After week-long push for "pragmatism," Portland Timbers coach Caleb Porter unleashes the attack

PORTLAND, Ore.—Maybe it was a smokescreen. Maybe it was something from game film. Maybe it was the raucous home crowd.

Whatever the cause, it turned out Portland Timbers head coach Caleb Porter spent the week throwing followers off his scent. Heading into the first leg of his team's Audi 2015 MLS Cup Playoffs Western Conference Championship first-leg matchup against FC Dallas, Porter preached pragmatism, saying he’d be happy with a 1-0 win or even a scoreless draw, as long as the Timbers didn't allow the all-important away goal.

Instead, what transpired was a commanding 3-1 victory at Providence Park on Sunday, with the Timbers flying out of the gate.

“We talked about pragmatism – and you [media] guys did – but that was never going to be what we were going to do,” said Porter, with a wry smile. “We came out aggressive; that was always going to be the plan: to come out, press and attack.”

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A dangerous chance from Lucas Melano, driving in from the right wing to receive a perfect feed from Darlington Nagbe just 30 seconds from the opening whistle, proved a harbinger of things to come. By halftime, ahead on Liam Ridgewell's goal, Portland had controlled possession and outshot Dallas 6-4 (3-2 when it came to shots on goal).

Dairon Asprilla added a second Timbers goal in the 53rd minute, in stunning fashion: his nearly 30-yard, right-footed blast gave FC Dallas goalkeeper Jesse Gonzalez no chance.

“In the first five minutes, our aim was to press them and show them what we’ve got, and that’s exactly what we did,” said striker Fanendo Adi. “Doing that made them stay back and made us play our game, and it worked out for us.”

Part of what justified Porter’s subterfuge was Dallas' firepower. The attacking trio of midfielder Mauro Diaz, Fabian Castillo and Michael Barrios has torched opposing defenses, combining for 26 goals and 21 assists in the regular season.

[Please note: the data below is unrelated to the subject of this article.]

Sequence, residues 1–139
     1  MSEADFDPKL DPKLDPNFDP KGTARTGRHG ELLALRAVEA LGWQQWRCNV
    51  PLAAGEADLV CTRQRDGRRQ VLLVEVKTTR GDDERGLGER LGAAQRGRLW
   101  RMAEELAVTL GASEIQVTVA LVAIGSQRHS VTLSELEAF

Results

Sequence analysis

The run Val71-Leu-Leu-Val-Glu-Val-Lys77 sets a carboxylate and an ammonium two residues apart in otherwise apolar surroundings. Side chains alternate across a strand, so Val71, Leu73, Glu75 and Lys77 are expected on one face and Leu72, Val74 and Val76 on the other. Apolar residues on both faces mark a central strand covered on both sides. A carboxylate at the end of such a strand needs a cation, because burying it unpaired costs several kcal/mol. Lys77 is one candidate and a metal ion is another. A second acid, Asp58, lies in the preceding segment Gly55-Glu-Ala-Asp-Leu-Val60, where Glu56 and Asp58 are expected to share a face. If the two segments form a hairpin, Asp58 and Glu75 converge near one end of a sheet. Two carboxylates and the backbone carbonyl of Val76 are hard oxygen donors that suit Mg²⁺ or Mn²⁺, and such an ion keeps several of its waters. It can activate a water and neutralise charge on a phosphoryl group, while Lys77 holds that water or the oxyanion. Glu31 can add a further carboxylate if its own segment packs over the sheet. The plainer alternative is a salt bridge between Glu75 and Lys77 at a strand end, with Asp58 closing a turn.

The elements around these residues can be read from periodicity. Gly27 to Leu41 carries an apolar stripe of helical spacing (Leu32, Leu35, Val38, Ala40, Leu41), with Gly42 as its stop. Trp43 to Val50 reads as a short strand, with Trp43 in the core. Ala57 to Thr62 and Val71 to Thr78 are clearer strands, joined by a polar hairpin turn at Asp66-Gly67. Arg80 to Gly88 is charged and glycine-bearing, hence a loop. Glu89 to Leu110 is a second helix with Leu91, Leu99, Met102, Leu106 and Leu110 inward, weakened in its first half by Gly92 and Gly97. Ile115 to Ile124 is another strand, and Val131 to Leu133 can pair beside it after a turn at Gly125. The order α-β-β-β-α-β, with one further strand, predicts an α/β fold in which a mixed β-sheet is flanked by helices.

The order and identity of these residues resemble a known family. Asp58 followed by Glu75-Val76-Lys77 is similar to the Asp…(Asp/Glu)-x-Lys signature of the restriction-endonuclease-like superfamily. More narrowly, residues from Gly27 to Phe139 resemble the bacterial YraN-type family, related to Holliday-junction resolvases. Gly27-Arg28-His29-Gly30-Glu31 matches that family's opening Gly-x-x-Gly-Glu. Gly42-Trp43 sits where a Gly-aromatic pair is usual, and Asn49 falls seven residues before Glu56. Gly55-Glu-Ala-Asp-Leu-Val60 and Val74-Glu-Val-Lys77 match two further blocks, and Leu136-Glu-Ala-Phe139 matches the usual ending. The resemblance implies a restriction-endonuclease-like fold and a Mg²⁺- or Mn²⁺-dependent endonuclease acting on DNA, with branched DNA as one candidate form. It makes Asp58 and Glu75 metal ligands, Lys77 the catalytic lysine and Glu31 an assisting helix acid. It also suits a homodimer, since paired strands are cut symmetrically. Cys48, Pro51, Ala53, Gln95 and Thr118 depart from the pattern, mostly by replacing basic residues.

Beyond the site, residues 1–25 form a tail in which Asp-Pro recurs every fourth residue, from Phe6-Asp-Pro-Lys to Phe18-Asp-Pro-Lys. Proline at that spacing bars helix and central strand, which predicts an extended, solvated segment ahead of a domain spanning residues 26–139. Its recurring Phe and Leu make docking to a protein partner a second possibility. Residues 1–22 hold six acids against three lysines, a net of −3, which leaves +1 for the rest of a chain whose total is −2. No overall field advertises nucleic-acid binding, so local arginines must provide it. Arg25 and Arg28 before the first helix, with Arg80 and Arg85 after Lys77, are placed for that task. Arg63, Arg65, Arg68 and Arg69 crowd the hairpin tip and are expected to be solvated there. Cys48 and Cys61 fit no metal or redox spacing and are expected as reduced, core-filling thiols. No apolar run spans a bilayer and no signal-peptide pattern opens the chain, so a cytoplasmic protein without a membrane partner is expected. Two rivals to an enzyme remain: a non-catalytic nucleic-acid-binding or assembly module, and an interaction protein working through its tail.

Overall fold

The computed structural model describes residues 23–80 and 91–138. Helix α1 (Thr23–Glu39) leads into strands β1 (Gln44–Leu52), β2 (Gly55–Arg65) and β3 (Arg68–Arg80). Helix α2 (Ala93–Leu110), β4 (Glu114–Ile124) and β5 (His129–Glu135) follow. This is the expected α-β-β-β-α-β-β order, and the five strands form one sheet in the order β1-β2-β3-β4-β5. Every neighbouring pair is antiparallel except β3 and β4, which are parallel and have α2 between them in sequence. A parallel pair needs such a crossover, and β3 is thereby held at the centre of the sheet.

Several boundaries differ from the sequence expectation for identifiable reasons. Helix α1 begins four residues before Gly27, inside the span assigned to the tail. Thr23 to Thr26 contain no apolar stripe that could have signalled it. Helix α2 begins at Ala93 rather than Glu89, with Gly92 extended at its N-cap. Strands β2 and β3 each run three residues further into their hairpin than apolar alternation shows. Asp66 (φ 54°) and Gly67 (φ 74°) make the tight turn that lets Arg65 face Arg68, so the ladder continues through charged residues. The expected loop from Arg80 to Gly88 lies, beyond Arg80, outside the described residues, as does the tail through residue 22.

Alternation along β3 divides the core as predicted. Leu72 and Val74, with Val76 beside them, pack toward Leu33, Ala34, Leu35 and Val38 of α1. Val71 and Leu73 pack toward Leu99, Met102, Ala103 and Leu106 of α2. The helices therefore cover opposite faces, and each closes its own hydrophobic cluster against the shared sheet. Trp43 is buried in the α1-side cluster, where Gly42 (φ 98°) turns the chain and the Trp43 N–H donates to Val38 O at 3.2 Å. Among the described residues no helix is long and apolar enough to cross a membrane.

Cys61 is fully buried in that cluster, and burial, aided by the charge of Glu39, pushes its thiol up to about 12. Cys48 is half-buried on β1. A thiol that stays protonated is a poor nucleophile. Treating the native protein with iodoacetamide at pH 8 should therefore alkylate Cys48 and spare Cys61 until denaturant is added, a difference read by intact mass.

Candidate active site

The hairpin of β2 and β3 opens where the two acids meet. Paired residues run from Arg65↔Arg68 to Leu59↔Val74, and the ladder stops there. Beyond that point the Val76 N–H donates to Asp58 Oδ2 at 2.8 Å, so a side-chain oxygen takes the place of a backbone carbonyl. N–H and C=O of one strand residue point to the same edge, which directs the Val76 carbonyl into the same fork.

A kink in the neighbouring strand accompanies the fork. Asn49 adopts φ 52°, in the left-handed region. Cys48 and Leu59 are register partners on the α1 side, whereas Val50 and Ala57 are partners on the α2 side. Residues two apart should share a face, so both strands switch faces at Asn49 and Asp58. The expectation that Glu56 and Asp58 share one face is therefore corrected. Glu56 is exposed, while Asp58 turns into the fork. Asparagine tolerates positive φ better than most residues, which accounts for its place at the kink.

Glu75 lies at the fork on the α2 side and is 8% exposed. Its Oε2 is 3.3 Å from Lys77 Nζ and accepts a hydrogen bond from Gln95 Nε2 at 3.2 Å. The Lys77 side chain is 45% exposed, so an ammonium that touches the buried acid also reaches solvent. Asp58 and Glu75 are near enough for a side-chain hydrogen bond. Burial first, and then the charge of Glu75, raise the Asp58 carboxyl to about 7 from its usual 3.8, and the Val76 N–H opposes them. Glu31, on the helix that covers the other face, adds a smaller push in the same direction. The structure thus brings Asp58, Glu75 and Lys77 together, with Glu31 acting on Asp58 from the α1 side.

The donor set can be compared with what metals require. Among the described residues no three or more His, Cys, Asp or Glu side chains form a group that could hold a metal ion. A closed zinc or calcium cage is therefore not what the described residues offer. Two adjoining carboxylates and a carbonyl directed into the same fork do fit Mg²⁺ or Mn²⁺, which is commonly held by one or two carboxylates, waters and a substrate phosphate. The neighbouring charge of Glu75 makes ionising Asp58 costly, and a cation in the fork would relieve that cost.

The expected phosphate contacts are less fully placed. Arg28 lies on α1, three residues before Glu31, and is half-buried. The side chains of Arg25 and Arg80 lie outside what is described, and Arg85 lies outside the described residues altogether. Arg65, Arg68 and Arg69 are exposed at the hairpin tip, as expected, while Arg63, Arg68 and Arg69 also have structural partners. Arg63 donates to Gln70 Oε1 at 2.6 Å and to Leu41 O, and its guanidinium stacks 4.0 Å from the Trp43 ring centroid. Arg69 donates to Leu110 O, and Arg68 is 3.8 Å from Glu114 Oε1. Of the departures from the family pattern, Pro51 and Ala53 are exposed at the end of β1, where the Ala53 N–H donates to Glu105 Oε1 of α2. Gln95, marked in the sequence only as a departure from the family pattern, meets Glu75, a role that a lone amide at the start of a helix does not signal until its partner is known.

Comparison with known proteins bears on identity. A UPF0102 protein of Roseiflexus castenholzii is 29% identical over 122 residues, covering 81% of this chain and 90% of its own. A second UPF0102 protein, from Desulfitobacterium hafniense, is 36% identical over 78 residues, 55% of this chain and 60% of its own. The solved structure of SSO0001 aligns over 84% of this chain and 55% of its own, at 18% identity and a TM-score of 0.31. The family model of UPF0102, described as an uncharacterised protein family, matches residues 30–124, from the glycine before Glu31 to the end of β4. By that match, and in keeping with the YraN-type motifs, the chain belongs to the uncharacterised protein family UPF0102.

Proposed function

Porter said it was faith in his defense – and a bit of a formation tweak – that made him believe he could go for it.

The Timbers' head coach moved away from the 4-3-3 formation that has been so successful over the past two months and opted for the 4-2-3-1 used throughout his three years at the helm of the club. Porter explained that the two defensive mids in the 4-2-3-1 provided needed “cover” for the speed of Castillo and Barrios on the flanks.

“I knew we could do that because of how organized we are in the back, so that didn’t worry me to have that approach,” Porter said. “When we started figuring out how we were going to approach the game, we wanted to set our team up in a way where we had good protection from our holding mids.”

Even after going up 2-0, and then conceding a 62nd-minute goal by FC Dallas forward David Texeira, the Timbers stayed proactive and added crucial insurance for the second leg. Portland defender Nat Borchers cleaned up the scramble off a stoppage-time corner kick for a game-sealing goal. Portland finished with more than 53 percent of the possession and a 14-11 shot advantage.

“We felt we needed to capitalize on a home game to score goals, and we did,” Porter said.

Dan Itel covers the Timbers for